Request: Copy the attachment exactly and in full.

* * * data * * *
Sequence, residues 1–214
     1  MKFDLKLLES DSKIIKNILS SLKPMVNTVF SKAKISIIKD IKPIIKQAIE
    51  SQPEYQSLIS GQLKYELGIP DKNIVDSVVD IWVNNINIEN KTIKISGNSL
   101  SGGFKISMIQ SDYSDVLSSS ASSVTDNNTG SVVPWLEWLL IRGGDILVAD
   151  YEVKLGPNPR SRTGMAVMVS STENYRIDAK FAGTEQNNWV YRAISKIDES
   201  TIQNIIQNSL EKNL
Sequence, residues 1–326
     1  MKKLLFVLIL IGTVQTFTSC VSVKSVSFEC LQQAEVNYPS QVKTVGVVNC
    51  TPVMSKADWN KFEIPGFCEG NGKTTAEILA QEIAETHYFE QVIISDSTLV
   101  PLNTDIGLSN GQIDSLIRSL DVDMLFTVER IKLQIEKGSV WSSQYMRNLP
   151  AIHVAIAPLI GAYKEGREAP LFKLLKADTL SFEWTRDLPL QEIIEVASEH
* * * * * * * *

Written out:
Sequence, residues 1–214
     1  MKFDLKLLES DSKIIKNILS SLKPMVNTVF SKAKISIIKD IKPIIKQAIE
    51  SQPEYQSLIS GQLKYELGIP DKNIVDSVVD IWVNNINIEN KTIKISGNSL
   101  SGGFKISMIQ SDYSDVLSSS ASSVTDNNTG SVVPWLEWLL IRGGDILVAD
   151  YEVKLGPNPR SRTGMAVMVS STENYRIDAK FAGTEQNNWV YRAISKIDES
   201  TIQNIIQNSL EKNL
Sequence, residues 1–326
     1  MKKLLFVLIL IGTVQTFTSC VSVKSVSFEC LQQAEVNYPS QVKTVGVVNC
    51  TPVMSKADWN KFEIPGFCEG NGKTTAEILA QEIAETHYFE QVIISDSTLV
   101  PLNTDIGLSN GQIDSLIRSL DVDMLFTVER IKLQIEKGSV WSSQYMRNLP
   151  AIHVAIAPLI GAYKEGREAP LFKLLKADTL SFEWTRDLPL QEIIEVASEH